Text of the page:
Johanna Mason stood before the bathroom in her living quarters in the tunnel city of 13. She had seen shower stalls that were larger, but it was fully functional. She looked again at the memo in her hands, warning that she could be put on reprimand if she continued to neglect her personal bathing habits.

"I can do this," she said. "I can do this."

She used the toilet first. It folded down from the wall. That was no problem. When she pulled the flush lever, the toilet simply shut and folded up with a "shunk" sound. Then she went to the sink. She pulled it out like a drawer, and started the faucet. An economical trickle came out. That wasn't bad. She didn't flinch. She stretched out her hands, almost to the water, and then jerked them back. "I can do this."

She plugged the drain, and let the basin fill. She stopped the water, waited a moment for the last ripples to calm, and immersed her hands. The sink was just big enough. The water was warm, that helped. She applied soap, and repeated, removing a substantial layer of grime. She dried her hands quickly, with the towel rather than the dryer that was supposed to be better, quickly rubbing out any stray droplets that ran down her skin. She smiled. "There. That's not so bad. That's progress." She looked up at the shower head.

She crouched beside the bathroom door with her towel wrapped around her and a piece of soap hanging around her neck, listening to water patter. The sound did not bother her. That was progress. She opened the door just a little, and shut off the water with an old broom handle. Then she stepped inside, and plunged a sponge on the other end of said broom handle into the now-full bucket that covered the drain. She started to lather and scrub. As the water ran down her skin, she shivered as if it were icy cold, but she didn't perceive even a hint of electricity running through. When she was done, she stepped out of the stall and upended the bucket down the drain.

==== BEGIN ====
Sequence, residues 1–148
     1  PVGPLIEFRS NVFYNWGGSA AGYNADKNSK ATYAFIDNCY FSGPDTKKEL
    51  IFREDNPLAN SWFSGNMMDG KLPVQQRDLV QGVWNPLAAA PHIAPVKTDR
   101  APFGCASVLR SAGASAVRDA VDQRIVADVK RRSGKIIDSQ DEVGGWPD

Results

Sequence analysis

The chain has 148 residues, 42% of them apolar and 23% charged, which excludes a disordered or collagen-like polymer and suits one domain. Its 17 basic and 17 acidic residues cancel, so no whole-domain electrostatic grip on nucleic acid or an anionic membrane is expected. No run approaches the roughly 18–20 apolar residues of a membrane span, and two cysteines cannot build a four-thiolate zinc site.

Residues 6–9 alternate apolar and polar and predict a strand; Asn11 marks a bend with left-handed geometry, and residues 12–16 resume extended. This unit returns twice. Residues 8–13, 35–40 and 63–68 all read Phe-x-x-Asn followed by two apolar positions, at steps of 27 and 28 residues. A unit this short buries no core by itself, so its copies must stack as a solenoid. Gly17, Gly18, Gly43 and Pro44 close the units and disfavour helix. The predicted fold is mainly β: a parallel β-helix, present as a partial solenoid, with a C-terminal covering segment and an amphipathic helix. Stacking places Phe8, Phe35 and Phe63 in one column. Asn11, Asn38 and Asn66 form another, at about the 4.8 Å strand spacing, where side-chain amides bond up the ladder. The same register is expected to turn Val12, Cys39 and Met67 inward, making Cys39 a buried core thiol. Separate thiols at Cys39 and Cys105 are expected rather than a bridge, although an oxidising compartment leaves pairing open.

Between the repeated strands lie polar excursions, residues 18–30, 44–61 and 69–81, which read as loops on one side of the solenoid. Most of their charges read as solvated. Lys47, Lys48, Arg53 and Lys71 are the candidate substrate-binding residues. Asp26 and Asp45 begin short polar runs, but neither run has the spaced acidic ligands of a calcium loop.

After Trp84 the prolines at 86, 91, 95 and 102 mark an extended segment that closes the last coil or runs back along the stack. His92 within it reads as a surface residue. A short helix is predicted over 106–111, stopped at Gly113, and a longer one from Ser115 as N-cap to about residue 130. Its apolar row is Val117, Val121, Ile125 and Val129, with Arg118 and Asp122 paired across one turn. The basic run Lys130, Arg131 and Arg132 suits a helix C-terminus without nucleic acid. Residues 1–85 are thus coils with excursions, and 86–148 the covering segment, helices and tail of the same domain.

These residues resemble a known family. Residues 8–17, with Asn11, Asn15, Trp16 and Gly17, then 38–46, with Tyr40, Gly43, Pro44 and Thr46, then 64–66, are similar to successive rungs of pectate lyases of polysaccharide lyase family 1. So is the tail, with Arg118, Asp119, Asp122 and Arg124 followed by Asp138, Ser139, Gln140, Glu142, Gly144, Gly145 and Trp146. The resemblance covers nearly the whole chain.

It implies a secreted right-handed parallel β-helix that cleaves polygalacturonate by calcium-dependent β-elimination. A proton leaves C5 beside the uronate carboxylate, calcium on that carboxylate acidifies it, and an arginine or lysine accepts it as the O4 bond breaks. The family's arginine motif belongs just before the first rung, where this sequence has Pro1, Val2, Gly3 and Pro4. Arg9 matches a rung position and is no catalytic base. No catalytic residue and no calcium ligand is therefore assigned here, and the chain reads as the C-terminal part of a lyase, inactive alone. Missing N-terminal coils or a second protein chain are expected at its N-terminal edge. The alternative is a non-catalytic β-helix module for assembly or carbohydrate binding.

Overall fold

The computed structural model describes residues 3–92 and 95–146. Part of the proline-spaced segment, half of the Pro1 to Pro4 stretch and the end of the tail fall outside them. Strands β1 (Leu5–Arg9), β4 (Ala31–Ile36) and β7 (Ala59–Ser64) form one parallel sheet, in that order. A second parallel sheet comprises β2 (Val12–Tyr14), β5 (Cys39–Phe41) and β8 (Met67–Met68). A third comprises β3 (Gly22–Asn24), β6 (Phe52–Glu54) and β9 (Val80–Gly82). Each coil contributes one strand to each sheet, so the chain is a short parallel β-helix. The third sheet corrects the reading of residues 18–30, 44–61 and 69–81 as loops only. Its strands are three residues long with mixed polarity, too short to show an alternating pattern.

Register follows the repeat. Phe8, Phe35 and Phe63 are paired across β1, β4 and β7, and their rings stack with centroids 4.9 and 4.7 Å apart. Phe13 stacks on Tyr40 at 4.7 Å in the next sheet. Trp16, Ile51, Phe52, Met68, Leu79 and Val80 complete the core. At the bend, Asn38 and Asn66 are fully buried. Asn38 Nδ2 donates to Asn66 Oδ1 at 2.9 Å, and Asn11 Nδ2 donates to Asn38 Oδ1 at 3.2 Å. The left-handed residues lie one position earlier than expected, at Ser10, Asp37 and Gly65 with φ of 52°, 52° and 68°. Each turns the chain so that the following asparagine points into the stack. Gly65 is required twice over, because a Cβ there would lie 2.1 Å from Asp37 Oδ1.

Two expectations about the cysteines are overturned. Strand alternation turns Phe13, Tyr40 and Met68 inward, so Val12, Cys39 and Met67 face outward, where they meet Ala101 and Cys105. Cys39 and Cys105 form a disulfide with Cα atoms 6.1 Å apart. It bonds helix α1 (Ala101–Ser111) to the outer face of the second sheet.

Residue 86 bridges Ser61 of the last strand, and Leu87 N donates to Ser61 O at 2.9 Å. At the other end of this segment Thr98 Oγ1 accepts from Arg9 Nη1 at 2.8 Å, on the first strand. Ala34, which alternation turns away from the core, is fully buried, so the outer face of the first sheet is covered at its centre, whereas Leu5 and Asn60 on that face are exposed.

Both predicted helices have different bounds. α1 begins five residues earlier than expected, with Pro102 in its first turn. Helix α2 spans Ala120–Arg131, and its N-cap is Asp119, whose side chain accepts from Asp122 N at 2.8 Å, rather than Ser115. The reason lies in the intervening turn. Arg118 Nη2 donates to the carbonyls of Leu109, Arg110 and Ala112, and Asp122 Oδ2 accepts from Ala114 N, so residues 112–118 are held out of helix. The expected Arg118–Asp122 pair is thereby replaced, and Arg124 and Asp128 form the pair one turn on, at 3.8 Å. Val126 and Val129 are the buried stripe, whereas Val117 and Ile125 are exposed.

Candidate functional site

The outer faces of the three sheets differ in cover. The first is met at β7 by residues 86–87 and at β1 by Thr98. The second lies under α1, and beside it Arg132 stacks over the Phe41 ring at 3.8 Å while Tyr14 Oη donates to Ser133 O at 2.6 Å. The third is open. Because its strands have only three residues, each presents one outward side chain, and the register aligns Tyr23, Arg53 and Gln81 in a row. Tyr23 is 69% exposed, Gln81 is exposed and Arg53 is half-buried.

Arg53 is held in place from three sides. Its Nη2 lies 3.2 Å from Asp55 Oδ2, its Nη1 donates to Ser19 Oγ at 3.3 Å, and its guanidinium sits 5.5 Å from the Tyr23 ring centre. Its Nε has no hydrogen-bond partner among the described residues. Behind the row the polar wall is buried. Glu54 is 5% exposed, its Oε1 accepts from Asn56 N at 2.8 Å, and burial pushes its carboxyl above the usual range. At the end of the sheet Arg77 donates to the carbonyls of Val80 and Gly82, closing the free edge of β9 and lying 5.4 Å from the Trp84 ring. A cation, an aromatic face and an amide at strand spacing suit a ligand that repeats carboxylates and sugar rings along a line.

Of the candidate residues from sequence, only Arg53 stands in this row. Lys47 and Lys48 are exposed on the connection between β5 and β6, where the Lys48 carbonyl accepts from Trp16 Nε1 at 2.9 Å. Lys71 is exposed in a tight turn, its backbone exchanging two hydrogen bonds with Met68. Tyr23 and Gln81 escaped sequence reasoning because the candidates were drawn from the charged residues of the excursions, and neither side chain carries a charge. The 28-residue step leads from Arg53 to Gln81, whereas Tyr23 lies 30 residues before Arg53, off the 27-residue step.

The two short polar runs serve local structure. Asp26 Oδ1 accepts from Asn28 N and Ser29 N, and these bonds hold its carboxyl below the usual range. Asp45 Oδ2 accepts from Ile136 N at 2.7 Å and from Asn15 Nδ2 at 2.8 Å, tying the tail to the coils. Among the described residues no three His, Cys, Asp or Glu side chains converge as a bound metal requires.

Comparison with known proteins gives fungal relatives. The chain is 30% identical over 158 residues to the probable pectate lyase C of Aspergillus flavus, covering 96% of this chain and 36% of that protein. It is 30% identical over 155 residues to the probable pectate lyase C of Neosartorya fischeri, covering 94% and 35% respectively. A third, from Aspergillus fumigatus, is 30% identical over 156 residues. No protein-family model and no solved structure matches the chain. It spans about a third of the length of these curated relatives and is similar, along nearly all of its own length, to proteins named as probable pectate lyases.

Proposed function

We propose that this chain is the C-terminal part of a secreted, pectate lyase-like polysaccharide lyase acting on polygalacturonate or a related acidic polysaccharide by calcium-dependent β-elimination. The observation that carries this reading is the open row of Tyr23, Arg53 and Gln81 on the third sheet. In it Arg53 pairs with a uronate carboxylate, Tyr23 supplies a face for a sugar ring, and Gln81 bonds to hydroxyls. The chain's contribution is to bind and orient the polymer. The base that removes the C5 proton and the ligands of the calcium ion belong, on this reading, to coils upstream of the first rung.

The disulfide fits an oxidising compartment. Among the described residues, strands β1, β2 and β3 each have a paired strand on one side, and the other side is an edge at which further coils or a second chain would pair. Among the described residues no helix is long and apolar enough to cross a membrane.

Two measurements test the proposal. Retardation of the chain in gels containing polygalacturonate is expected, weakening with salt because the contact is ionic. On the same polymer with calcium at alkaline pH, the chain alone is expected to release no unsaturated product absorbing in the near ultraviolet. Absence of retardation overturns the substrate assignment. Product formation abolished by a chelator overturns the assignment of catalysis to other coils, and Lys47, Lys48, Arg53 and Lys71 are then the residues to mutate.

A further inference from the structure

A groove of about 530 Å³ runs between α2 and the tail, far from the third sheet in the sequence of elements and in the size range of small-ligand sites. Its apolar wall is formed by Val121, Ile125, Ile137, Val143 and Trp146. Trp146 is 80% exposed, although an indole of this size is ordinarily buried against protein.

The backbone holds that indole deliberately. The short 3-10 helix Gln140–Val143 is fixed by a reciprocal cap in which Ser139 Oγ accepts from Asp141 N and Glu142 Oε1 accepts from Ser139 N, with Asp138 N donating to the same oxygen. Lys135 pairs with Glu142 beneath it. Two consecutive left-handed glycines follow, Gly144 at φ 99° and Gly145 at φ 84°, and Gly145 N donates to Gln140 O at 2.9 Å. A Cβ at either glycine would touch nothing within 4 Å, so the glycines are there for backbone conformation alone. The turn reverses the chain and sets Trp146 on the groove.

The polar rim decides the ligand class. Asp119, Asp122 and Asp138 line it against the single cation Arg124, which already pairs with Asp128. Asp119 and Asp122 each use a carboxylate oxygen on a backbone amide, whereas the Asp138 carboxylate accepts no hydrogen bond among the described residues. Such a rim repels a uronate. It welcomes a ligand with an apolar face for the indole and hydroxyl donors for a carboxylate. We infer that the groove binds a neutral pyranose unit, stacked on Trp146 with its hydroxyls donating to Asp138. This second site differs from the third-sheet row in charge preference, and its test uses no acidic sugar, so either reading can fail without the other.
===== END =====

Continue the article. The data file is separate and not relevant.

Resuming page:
"There," she said as she retrieved the bucket. "That wasn't so bad. That's progress..."

She unfolded the toilet before she threw up. That was progress, too.

Johanna gave a wry smile as she brought out her trusty old bucket. She filled it, and then poured it into a shallow tub. She filled the bucket again, and then about half, and poured in the soap. Then she added a giggling baby girl, just old enough to say, "Mama. Bat."

"That's right," she said as she scrubbed. "Bathtime." Her baby giggled, and splashed with her hands and feet. Johanna stifled a shriek as cold water splashed in her face and down her front.

The baby crowed with laughter. "Mama wet," she said with relish.

Johanna glowered with an expression that a bystander could have taken as hilarious, if he did not take note of the knotting of her shoulders, the heaving of her chest or the flush of purple to her face. For the better part of a minute, she stared, and the baby put a finger in her mouth, as if pondering whether her jest might have gone a step too far. Slowly, her muscles relaxed, and her breathing subsided. That was when she pulled a dropped sponge out of the water.

"Baby," she said as she raised the sponge. Then she wrung out the sponge, pouring a generous flow of water down on the baby's head. "Wetter." Her daughter responded by laughing even louder than before.

The baby let out another happy gurgle as Johanna set the still-dripping sponge on the top of her head. Johanna gave a wistful look at her daughter, and then smiled herself. "Now this," she said, "is progress."